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Four years later, Chloe Kim doesn’t regret missing Sochi

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In 2014, Chloe Kim was relegated to a footnote in the Olympic history books.

Her absence from the Sochi Games was noteworthy. Had she been allowed to compete, she might have won a medal. There was one problem though: She was too young.

Official rules stated that competitors for snowboard halfpipe must have turned at least 15 years old by the end of 2013. Kim was just 13, though she was already one of the best halfpipe riders in the world.

As a result, many people lamented the idea that the Olympics would go on without her. Kim admits that she, too, was disappointed at the time.

Now she sees it as a blessing in disguise.

“Now that I think about it, I’m really glad I wasn’t able to go,” Kim told NBC Olympics last year. “I don’t think I would’ve been able to take it, to handle the pressure. Emotionally I don’t think I was ready.

“There’s obviously such a huge difference between 13 and 17. Like, when I was 13, what did I do? Get my nails done and do maybe two or three contests a year. I feel like a lot’s changed. And I didn’t have much experience when it came to a lot of media pressure and sponsors, all that stuff. But now I kind of know, I’ve kind of been through it all. So I think I’ll be a little more prepared for things.”

NBCOlympics.com: More on Chloe Kim

Instead of competing in Sochi, Kim watched the event while sitting on her couch and eating ice cream.

This time in PyeongChang, she’ll be a participant. And the expectations will be high.

Kim, who is a first-generation Korean-American, is not just expected to win the gold medal — she’s expected to be a breakout star. A number of Olympic sponsors have made her a cornerstone of their activations, and she’s been featured heavily in NBC’s lead-up marketing, even starring in her own Super Bowl commercial.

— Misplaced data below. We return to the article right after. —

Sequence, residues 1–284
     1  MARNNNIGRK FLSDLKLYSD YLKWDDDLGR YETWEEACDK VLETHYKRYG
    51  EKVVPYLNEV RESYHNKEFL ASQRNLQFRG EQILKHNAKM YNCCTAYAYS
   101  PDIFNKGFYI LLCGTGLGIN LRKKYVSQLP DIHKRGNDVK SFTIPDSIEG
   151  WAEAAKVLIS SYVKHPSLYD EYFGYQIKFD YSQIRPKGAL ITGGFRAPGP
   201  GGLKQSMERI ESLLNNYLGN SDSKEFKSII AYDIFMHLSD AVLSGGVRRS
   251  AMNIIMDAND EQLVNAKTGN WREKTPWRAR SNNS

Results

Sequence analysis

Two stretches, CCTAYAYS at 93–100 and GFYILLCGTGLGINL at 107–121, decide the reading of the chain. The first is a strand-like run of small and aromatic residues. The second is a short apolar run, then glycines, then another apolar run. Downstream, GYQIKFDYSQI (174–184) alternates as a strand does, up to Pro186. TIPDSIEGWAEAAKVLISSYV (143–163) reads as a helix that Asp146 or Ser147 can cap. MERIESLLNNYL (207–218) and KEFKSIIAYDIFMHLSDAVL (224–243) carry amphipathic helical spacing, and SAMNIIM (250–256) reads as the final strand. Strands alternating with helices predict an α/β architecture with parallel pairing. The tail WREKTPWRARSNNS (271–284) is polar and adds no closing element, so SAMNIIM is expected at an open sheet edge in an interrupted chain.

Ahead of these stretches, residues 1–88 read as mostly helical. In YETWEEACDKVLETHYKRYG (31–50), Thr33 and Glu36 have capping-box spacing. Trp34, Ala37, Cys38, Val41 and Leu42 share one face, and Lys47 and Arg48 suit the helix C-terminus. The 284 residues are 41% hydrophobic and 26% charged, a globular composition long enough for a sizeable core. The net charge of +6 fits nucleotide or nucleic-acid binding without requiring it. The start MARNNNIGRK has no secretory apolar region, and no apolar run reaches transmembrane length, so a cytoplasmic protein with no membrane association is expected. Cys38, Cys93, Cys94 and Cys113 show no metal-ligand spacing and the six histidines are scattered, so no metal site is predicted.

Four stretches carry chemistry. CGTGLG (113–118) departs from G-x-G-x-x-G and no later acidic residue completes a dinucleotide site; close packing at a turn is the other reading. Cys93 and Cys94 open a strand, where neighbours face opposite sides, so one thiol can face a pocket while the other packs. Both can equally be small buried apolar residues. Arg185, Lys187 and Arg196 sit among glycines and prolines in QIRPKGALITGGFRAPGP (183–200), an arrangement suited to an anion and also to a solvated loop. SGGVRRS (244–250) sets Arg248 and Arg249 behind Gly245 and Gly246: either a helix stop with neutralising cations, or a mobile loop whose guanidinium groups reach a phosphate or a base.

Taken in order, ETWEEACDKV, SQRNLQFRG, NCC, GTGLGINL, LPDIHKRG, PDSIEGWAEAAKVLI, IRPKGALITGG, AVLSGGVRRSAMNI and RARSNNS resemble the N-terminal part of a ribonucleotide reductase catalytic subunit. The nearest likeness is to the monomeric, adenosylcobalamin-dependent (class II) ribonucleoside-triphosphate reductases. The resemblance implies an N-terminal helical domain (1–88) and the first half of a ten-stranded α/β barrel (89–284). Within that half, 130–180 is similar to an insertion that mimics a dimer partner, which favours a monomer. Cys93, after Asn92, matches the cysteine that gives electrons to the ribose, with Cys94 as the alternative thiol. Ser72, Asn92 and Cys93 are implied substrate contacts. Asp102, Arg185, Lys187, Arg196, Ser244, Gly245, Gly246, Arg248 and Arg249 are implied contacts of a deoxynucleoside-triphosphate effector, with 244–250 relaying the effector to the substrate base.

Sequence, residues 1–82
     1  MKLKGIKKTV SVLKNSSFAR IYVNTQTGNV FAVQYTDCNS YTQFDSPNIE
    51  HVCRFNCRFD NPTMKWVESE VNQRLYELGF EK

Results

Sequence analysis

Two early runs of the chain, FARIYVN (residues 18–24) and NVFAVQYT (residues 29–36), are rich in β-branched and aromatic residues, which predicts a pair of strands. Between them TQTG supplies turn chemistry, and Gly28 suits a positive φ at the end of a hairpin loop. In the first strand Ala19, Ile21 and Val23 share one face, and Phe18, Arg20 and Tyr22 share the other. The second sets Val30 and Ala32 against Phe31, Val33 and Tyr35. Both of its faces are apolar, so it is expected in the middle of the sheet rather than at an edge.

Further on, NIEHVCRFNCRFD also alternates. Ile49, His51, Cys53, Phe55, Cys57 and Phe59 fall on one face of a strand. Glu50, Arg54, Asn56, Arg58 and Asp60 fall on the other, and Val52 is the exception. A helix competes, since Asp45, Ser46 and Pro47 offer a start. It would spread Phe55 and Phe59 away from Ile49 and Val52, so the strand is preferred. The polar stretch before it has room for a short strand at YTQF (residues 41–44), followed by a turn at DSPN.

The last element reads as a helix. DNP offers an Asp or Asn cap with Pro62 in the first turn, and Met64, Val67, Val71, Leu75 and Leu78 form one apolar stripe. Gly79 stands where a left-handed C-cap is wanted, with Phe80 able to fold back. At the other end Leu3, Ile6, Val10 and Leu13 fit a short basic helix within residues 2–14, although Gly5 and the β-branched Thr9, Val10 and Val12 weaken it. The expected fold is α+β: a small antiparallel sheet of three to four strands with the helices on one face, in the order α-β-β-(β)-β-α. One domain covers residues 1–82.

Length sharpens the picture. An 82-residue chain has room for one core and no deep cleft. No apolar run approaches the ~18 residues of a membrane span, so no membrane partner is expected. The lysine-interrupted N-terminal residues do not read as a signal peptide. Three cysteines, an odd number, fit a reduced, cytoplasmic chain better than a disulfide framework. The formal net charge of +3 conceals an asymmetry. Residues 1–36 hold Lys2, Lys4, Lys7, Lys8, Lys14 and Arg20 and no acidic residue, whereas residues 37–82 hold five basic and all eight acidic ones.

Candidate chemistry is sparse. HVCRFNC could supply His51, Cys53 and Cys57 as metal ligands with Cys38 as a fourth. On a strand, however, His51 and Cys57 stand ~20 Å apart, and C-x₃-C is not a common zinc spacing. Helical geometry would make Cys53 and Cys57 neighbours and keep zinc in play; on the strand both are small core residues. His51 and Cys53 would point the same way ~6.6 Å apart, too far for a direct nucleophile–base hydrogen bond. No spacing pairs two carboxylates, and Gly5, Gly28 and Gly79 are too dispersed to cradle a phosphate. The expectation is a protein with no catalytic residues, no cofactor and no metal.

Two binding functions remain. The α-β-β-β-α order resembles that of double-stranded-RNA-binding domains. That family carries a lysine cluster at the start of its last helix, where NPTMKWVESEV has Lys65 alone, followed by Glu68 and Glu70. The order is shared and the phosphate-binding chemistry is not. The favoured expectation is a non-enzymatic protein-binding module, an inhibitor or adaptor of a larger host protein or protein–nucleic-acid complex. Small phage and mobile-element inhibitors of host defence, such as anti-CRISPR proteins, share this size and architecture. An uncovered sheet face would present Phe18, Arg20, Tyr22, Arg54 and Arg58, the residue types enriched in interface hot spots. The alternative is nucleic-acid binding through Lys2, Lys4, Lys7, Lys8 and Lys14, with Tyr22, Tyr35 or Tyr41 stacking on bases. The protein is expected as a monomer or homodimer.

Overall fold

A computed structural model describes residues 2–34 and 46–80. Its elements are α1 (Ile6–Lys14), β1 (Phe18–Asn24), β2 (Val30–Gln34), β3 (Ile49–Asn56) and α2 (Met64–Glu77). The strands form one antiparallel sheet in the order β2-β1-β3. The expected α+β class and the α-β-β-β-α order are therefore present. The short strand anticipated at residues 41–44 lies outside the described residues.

When it comes to tricks, Kim is a step ahead of the field. She’s had the frontside 1080 dialed in for a number of years, but her main focus this season has been cleaning up the switch version of that trick (which is called a “cab 1080”).

Two years ago, Kim became the first woman to land back-to-back 1080s — she did a frontside 1080 on one wall of the halfpipe, followed by a cab 1080 on the other wall — in a competition run. She remains the only woman to successfully execute that combo.

She’s been able to win numerous contests since then without that second 1080 in her run, but with many of her competitors suddenly stepping up their game and learning the frontside 1080 before PyeongChang, Kim dusted off the back-to-back 10s again last month at X Games Aspen.

The result: her third gold medal in four years at the event.

Kim will now try to carry that momentum over to the PyeongChang Olympics, where a U.S. medal sweep is a very real possibility. Teammates Arielle Gold, Maddie Mastro and Kelly Clark went second, third and fourth behind Kim at X Games.

“I think about it all the time,” Kim said with a laugh when asked if she ever lets herself envision what it would be like to stand atop the Olympic podium. “Honestly, I think I’ll probably just be bawling my eyes the whole time.”

USA wins gold in men’s curling

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For the first time in history, the United States won the Olympic gold medal in curling.

A week ago, it didn’t seem like that would happen. Sitting at 2-4 and with a game against behemoth Canada coming up, John Shuster captained the United States to three consecutive wins (over Canada, Switzerland, and Great Britain) to squeak into the semifinals. From there, they took down Great Britain before completing the run against Sweden in the gold medal game.

Tied at 5-5 in the eighth end, Shuster was able to hit both of Sweden’s rocks out of the house, giving the United States an incredible five points and a 10-5 lead heading into the ninth.

NBCOlympics.com: Watch: Team USA scores five points in eighth end

After that, it was all about protecting the lead. Just a few minutes later Swedish skip Niklas Edin conceded the game, and it was the United States standing on top of the podium for the first time ever in the sport of curling.

Click here to read the full recap from the gold medal game 

Ester Ledecka first woman to win gold in two sports at same Winter Olympics

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One week after shocking the world by winning a gold medal in Alpine skiing, Ester Ledecka of the Czech Republic strapped back into a snowboard and won a gold medal in her primary sport.

Ledecka, the No. 1 ranked athlete in women’s parallel giant slalom snowboarding, qualified for the finals of that event with the fastest time, then won four consecutive head-to-head races to claim her second gold medal of the PyeongChang Olympics.

With the win, Ledecka is the first woman to win gold medals in two different sports at the same Winter Olympics.

Results: Women’s Parallel Giant Slalom

Gold: Ester Ledecka (CZE)
Silver: Selina Joerg (GER)
Bronze: Ramona Hofmeister (GER)
4. Alena Zavarzina (OAR)
5. Benjamin Karl (AUT)
6. Stefan Baumeister (GER)
7. Roland Fischnaller (ITA)
8. Edwin Coratti (ITA)

Click here to catch up on all of the snowboarding action from PyeongChang